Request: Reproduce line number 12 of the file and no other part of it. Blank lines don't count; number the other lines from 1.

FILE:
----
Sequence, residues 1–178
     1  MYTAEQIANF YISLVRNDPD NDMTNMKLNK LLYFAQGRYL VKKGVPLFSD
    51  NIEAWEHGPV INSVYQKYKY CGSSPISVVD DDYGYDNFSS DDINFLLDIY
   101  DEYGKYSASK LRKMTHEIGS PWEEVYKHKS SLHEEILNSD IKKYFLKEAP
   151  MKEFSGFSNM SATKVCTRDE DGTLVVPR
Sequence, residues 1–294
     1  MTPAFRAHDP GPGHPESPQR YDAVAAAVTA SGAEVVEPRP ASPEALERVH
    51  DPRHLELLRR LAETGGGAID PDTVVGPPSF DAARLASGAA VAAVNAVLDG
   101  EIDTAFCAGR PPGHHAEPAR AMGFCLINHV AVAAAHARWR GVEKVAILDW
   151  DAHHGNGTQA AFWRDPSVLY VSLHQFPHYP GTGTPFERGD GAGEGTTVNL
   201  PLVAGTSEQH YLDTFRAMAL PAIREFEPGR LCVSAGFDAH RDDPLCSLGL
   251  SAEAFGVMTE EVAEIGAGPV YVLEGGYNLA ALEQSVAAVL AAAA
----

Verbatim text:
   251  SAEAFGVMTE EVAEIGAGPV YVLEGGYNLA ALEQSVAAVL AAAA